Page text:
Offer them the choice of completing their work lying on the floor instead of at the desk.
Be aware of where the child is seated in the classroom (e.g. near a window is distracting). The movement of other children may also distract the child so position them near you in the front of the class, with their back to all the other students.
Ensure that the child doesn’t sit next to a noisy child.

During break time:

Allow lots of climbing, swinging, running and playing on the monkey bars during break time.
Never take break time away – these children need their movement.
Practise games with an impulse control component such as red light, green light or musical chairs, in order to practise the stop and start component of movement.

Give the child ‘jobs’ in the classroom that offer heavy work and movement such as:

Stacking chairs.
Carrying objects to different parts of the school.
Sweeping the floor.
Erasing the whiteboard.
Carrying teacher’s books from the car to the classroom.

Offer short ‘brain breaks’ between lessons:

‘Hold up the wall’: pretend to hold up the wall using hands, shoulders and other body parts.
Chair push-ups and all push-ups (providing proprioceptive heavy work through the upper body).
Animal walks around the classroom.

Offer movement breaks and deep pressure/proprioceptive input when a child is struggling to focus at the desk:

Have a mini-trampoline and skipping rope available for the child to use.
Bean bag chair to run/crash into.
Encourage the child to sharpen pencils using manual pencil sharpeners.
Give the child a tight bear hug.
Sipping water through a long straw or bottle. 

Additional tools to try:

Weighted shoulder vests.
Theraband, bungee cord, pool noodle round chair legs.
Disco-sit cushions.

For those children who seek tactile input to fiddle/fidget with:

Allow the child to fidget and hold objects such as: stress balls, paper clips, flexible straws, elastic bands, pipe cleaners, putty when working on the mat or listening to instructions.
Add a couple of beads to the child’s shoe laces for a fidget toy that can be used discretely while sitting on the floor during morning ring or story time.
Use tactile input when teaching new concepts – sand, paint, chalk, sandpaper, finger paint, shaving cream, hair gel in zip-lock bag.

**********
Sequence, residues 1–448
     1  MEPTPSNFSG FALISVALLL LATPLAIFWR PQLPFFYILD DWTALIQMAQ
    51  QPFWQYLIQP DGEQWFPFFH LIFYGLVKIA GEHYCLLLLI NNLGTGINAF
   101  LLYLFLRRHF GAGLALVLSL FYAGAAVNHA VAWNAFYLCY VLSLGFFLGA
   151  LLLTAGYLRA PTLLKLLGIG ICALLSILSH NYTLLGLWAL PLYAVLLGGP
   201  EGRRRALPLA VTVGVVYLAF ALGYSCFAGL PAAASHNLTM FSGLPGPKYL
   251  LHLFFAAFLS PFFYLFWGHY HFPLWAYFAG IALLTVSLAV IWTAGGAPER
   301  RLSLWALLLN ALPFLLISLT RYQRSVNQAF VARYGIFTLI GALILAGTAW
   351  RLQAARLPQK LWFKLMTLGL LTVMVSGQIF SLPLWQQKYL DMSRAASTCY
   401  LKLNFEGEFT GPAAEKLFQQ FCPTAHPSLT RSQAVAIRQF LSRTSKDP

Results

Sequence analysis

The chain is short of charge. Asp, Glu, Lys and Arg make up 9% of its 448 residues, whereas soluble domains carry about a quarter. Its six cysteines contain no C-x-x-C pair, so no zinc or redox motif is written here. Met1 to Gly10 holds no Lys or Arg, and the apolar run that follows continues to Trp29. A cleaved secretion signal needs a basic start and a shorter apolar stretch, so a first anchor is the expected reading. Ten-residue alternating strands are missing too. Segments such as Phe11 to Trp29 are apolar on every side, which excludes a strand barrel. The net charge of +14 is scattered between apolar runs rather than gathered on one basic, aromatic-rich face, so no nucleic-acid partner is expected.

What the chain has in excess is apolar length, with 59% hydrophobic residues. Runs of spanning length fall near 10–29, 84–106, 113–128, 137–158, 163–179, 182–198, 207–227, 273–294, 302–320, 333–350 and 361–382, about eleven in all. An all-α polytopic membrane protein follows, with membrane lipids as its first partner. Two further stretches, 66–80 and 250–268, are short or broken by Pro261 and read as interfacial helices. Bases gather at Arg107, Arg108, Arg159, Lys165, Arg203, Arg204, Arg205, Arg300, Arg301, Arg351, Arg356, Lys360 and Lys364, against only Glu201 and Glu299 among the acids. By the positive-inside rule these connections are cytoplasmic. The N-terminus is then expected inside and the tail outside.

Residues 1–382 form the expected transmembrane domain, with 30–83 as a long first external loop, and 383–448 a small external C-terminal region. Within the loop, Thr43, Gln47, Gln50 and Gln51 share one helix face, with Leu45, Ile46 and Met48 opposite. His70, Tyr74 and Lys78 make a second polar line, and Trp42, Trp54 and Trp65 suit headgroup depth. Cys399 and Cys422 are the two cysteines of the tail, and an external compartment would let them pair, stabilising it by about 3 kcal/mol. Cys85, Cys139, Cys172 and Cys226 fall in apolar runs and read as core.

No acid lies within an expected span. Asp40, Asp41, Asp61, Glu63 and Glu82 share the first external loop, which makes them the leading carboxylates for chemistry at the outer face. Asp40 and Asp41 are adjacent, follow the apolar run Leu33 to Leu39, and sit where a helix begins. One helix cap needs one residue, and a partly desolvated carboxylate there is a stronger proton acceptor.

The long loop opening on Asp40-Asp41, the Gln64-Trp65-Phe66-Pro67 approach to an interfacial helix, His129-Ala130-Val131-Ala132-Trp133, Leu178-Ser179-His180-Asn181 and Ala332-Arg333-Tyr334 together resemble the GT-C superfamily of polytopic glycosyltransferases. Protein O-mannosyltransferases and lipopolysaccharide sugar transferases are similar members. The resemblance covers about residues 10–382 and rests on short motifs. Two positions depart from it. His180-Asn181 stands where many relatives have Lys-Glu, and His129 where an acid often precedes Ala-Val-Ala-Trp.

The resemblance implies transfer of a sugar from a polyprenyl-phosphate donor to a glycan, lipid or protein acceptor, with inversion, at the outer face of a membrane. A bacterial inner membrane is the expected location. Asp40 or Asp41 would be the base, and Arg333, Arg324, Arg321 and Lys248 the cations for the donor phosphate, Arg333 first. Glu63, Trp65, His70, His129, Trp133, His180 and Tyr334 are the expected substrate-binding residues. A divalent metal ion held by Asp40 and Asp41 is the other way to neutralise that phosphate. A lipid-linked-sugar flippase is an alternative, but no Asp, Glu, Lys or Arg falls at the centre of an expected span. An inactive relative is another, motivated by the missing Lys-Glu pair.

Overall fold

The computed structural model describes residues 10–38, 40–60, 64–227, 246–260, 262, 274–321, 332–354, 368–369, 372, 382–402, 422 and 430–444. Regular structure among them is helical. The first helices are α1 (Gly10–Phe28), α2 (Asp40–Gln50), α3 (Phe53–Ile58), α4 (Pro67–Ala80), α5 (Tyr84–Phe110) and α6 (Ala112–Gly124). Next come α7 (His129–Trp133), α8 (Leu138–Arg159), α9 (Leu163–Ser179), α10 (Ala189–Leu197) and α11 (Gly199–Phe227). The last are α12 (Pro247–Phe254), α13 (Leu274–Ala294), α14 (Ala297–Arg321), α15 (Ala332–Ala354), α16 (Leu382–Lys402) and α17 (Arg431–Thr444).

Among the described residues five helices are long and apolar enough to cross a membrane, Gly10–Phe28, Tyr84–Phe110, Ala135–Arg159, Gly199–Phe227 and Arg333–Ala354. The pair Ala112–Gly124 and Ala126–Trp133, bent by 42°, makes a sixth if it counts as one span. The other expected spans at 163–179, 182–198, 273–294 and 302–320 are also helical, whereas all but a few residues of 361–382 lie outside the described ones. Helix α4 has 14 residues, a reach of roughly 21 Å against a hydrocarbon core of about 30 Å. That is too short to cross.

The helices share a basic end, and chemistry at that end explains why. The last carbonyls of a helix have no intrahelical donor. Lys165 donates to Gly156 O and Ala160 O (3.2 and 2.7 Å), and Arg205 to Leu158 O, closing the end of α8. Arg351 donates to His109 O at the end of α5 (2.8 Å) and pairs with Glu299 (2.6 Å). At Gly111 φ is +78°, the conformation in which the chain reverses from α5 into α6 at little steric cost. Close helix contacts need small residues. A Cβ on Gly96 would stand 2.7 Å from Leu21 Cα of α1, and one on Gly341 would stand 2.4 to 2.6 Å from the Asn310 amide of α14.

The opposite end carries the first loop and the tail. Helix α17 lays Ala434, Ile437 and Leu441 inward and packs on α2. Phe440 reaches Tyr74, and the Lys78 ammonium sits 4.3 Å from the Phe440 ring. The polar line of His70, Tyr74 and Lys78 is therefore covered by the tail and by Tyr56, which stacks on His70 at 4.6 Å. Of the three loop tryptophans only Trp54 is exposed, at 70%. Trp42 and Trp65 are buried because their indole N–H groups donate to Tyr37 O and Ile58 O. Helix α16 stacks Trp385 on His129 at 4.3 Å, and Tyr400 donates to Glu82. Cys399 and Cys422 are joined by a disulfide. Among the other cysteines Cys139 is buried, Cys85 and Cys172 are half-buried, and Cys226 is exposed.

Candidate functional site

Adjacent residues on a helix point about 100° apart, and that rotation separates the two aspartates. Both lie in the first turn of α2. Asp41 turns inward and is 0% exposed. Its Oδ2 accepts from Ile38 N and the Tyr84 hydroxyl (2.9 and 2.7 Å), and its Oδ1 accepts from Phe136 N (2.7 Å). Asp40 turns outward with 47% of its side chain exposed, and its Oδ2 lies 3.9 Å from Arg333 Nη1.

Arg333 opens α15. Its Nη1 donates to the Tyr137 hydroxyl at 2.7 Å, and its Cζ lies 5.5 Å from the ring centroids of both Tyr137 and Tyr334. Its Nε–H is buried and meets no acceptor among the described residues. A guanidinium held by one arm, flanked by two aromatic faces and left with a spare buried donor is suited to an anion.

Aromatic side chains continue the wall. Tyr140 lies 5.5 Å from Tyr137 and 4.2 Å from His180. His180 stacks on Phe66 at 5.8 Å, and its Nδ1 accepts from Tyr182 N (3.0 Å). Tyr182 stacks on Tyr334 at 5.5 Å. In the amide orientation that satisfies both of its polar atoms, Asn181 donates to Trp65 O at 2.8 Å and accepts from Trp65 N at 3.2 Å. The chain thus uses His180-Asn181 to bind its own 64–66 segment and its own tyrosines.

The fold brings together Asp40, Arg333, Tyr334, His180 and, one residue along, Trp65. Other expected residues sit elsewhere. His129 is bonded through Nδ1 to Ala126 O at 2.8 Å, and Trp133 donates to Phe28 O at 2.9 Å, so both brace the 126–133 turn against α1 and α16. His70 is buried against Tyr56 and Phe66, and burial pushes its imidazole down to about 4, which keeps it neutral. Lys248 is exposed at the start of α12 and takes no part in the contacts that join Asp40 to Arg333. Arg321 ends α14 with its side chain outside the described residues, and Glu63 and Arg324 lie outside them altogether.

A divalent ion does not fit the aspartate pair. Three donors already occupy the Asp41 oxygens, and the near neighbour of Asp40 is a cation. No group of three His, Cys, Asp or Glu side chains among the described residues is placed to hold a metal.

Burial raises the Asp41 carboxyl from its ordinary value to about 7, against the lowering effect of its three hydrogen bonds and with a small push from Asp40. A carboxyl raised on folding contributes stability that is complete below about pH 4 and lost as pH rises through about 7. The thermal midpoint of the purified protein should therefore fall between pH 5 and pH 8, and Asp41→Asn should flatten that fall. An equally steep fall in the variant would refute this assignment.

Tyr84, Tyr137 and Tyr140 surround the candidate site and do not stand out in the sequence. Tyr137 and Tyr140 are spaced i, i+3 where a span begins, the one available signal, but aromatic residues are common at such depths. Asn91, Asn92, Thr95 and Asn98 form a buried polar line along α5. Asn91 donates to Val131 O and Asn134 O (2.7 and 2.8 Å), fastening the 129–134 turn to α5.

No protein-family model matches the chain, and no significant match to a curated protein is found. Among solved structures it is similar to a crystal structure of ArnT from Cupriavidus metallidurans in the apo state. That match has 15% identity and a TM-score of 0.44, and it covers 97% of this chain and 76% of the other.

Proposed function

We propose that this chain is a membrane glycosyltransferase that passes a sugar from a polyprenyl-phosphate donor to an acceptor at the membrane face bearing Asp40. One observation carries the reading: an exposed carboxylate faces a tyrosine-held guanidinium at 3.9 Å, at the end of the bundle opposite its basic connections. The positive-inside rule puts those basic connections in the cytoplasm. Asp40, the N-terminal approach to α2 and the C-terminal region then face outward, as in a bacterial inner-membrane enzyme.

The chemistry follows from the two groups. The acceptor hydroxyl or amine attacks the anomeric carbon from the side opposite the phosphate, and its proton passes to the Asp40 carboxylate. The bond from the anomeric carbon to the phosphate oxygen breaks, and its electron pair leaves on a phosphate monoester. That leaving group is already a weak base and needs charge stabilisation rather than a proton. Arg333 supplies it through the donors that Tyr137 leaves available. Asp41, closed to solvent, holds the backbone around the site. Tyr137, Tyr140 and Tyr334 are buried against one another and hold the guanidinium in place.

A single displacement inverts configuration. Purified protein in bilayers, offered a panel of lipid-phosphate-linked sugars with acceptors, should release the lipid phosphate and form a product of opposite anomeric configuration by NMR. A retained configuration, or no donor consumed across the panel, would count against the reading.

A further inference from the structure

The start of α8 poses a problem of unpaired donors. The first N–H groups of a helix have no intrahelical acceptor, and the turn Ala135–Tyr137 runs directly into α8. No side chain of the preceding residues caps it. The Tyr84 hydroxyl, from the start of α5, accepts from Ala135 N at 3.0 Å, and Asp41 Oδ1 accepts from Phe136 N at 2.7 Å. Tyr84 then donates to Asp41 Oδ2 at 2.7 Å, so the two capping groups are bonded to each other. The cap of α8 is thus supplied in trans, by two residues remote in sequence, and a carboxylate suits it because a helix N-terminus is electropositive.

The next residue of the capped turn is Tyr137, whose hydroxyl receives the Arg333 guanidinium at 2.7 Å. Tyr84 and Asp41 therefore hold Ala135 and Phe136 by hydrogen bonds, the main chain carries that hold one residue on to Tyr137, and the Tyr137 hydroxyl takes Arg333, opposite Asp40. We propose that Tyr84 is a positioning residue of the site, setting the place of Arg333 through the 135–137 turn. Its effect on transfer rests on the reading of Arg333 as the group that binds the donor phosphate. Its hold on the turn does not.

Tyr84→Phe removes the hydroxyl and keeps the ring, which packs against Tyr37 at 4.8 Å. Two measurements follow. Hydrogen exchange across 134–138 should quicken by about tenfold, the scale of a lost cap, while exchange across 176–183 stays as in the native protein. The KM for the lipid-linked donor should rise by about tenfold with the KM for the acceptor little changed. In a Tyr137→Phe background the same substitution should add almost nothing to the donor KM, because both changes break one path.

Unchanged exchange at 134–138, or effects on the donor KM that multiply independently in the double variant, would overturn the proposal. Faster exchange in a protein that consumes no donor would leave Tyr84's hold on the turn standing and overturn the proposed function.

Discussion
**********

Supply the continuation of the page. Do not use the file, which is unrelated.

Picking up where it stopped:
Other strategies and adaptions to consider for the classroom:

Change visual input/stimulation regularly e.g. flash cards, pictures. Get the child to change their visual focus from their book to the whiteboard, to the wall etc. Use different coloured pencils or chalk/whiteboard markers when teaching new concepts.
It may be useful to play soft classical music in the background during independent work time, which helps to soften the auditory environment and minimise background ‘chatter’.
Natural lighting rather than artificial lights.
Reduce clutter on bulletin boards in the classroom and on the child’s desk.
A visual schedule to indicate different activities and lessons during the school day.
Use your voice to alert or calm. Varying tone and volume of voice aids alertness.

Environmental adaptions to help a child’s concentration

  • Consistent routine helps many children with structure and knowing what is expected of them.
  • Create a ‘homework space’ for a child, even if it is just a small space in the house that they associate with ‘work’.
  • Remove visual distractions around their work space. There are partitions that can be bought or made to minimise distractions.
  • Be aware of noises from appliances such as the hair dryer, vacuum cleaner and use them when the child is not home.
  • Noise cancelling headphones may be helpful by blocking out background noise.
  • Movement breaks are essential (jumping on the trampoline, riding a bike, going for a walk, having a toilet or snack break).
  • Break tasks into smaller steps, with short movement breaks in between.
  • Use a timer to help give a child a visual cue to keep them on task.
  • Use a ruler, finger or cardboard template while reading to keep their place and prevent a child from being distracted.

When should you get professional guidance?

Attention difficulties are a real challenge, and is not merely a result of bad behaviour. It is very normal for all children to be hyperactive or inattentive at times. However, it is important to seek professional guidance if:

  • the child’s behaviour is negatively affecting their everyday life.
  • if they are unable to meet the expectations and demands set for them at school.
  • their self-esteem is low as a result of feeling inadequate and frustrated by school or homework.

It is essential to ensure a comprehensive, multidisciplinary evaluation if a child is experiencing challenges that are impairing their ability to function optimally in the school and home environment. Occupational therapists are equipped to analyse the child’s behaviour in various settings and interpret their sensory preferences and needs. If, after providing an enriched sensory environment with opportunities for the child to access and engage in enhanced sensory experiences throughout the day, the child is still unable to focus and is easily distractible, further evaluation by an occupational therapist may be necessary.